If a voter believes that they are registered, but they don’t show up on the rolls when they go to vote, they can fill out a provisional ballot, and the vote will be counted if it is determined that the voter in question is a registered voter. One in every four provisional ballots cast in Ohio were found to be invalid. Robert F. Kennedy Jr. writes that Kerry voters were disproportionately more likely to cast provisional ballots “thanks to GOP efforts to stem the unprecedented flood of Democrats eager to cast ballots,” citing the Democratic Party’s report on Ohio as evidence for this claim. But the report in question does not say that Kerry voters were disproportionately more likely to have to fill out a provisional ballot. In fact, the report says that 4.2 percent of Kerry voters and that 4.1 percent of Bush voters were forced to cast a provisional ballot – a far cry from RFK Jr’s claim of an astounding partisan bent.
Black voters were more likely to experience voting irregularities on election day than whites. They were more likely to face long lines and cast provisional ballots. RFK Jr claims that Republicans deliberately suppressed the black vote, pointing to Republican politicians distributing insufficient amounts of voting machines to predominantly black inner-city precincts, while allocating sufficient amounts to white Republican suburban precincts. The low number of voting machines in inner-city precincts meant that black voters faced longer lines, and according to Kennedy, these long lines dissuaded enough black people from voting for Kerry, costing him the state of Ohio, and thus the election. There are three responses to this claim:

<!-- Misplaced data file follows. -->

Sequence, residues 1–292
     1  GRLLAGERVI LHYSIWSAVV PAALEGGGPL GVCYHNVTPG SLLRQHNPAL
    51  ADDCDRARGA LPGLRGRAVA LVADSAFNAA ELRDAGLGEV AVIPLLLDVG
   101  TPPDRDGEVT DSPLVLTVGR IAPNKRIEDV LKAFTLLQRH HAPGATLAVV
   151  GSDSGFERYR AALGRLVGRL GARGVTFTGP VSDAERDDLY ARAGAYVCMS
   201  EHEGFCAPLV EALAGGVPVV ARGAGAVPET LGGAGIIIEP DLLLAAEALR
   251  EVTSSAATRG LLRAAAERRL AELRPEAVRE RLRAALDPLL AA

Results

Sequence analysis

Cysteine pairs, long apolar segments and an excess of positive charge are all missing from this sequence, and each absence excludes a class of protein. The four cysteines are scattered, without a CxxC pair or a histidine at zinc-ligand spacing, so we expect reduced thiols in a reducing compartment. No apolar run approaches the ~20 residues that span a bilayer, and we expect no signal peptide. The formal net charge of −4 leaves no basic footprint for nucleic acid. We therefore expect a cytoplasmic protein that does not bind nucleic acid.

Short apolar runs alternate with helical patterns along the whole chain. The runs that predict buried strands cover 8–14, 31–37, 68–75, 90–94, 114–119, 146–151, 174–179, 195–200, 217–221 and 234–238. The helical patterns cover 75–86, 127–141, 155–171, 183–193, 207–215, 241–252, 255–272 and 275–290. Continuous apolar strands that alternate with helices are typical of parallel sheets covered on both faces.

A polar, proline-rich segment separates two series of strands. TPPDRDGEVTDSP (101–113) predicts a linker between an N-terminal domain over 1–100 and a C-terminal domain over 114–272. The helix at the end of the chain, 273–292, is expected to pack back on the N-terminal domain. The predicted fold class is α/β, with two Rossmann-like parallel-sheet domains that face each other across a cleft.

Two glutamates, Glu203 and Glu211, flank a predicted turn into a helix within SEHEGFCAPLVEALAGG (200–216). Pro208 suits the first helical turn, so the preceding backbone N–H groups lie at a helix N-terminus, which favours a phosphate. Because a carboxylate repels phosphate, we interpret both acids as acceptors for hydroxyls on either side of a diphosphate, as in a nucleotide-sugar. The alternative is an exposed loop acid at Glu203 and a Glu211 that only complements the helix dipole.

- The Democrats’ report on the 2004 election in Ohio showed that voters who didn’t vote due to long lines would have split evenly between Kerry and Bush.
- Hanlon's razor applies here: There’s no direct evidence that Republican politicians did this with malicious intent. Incompetence is a much more reasonable explanation, as Ohio politicians failed to adequately respond to new changes in election technology.
- Farhad Manjoo of Salon writes, “[I]n Ohio, decisions about voting-machine allocation and precinct location are determined by local boards of elections, which are bipartisan; any Republican effort to allocate machines in a way meant to harm Democrats would have necessarily involved Democratic officials.”
The early exits pointed to Kerry winning the election, but Bush won the actual vote; therefore, the early exits were wrong in predicting the winner. Mitosfky International, the polling company responsible for the early exits during the 2004 election, said that the polling error occurred as a result of Kerry voters being more likely to fill out exit polls, leading to a pro-Kerry bias in the exits.
Nevertheless, this hasn't stopped conspiracy theorists from believing that the exit polls accurately predicted the winner.
Exit polls are actually accurate
Conspiracy theorists will claim that exit polls are accurate by cherry picking the instances in which exit polls accurately predicted the winner. RFK Jr. claims that the exit polls accurately predicted the 2004 Ukrainian election. But exit polls have a bad track record in Europe. In addition, exit polls are notoriously unreliable, since anyone can participate in an exit poll, which can lead to a biased sample. This is what happened in 2004, according to the exit pollsters: Kerry voters were oversampled, leading to a pro-Kerry bias in the exits.
Kerry had an insurmountable lead in early exits
RFK Jr, writing for Rolling Stone, claims that Kerry had an insurmountable lead in ten battleground states, according to early exits. But Kerry's lead in those ten battleground states was within the margin of error. It was not an insurmountable lead.
- "Turning democracy into theocracy", Guardian (10 November 2004, 6:54 PM EST).
- W Ketchup
- Kennedy Jr., Robert F. "Was the 2004 Election Stolen?." Rolling Stone, no. 1002, 15 June 2006, pp. 46-114.
- Ohio code, 3503.19
- Democratic National Committee: Institute of Voting Rights (2005), Democracy at Risk: The 2004 Election in Ohio
- Farhad Manjoo, Salon, Was the 2004 Election Stolen? No. – Critique of Robert F. Kennedy Jr.'s Rolling Stone Article June 3, 2006
- Edison Media Research; Mitofsky International (January 19, 2005), Evaluation of Edison/Mitofsky Election System 2004, archived from the original (PDF) on June 14, 2007.